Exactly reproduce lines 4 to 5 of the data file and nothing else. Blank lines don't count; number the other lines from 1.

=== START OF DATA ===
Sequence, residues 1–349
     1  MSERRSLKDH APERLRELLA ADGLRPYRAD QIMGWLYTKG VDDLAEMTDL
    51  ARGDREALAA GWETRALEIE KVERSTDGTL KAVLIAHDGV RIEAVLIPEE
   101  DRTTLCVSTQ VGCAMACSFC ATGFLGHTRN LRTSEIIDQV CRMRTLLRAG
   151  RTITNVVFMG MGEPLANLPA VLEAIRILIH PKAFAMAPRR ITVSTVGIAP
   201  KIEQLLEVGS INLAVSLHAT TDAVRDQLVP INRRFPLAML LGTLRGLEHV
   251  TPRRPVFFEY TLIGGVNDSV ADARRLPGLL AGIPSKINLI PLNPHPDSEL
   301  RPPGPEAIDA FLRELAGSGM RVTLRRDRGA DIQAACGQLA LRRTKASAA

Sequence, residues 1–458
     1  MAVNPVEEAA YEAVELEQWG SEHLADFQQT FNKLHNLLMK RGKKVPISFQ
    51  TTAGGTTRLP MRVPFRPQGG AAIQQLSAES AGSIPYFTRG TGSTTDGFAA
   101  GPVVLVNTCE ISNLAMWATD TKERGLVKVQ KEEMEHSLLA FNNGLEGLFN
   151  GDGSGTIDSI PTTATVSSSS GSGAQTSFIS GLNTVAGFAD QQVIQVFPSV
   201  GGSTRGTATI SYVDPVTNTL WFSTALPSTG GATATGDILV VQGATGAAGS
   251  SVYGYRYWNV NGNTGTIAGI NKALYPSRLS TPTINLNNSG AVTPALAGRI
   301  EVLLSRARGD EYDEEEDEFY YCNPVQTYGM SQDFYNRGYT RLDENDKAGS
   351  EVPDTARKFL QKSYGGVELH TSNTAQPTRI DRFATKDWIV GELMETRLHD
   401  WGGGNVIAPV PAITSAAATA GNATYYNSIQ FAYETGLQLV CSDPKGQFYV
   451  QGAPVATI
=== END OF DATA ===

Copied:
   101  DRTTLCVSTQ VGCAMACSFC ATGFLGHTRN LRTSEIIDQV CRMRTLLRAG
   151  RTITNVVFMG MGEPLANLPA VLEAIRILIH PKAFAMAPRR ITVSTVGIAP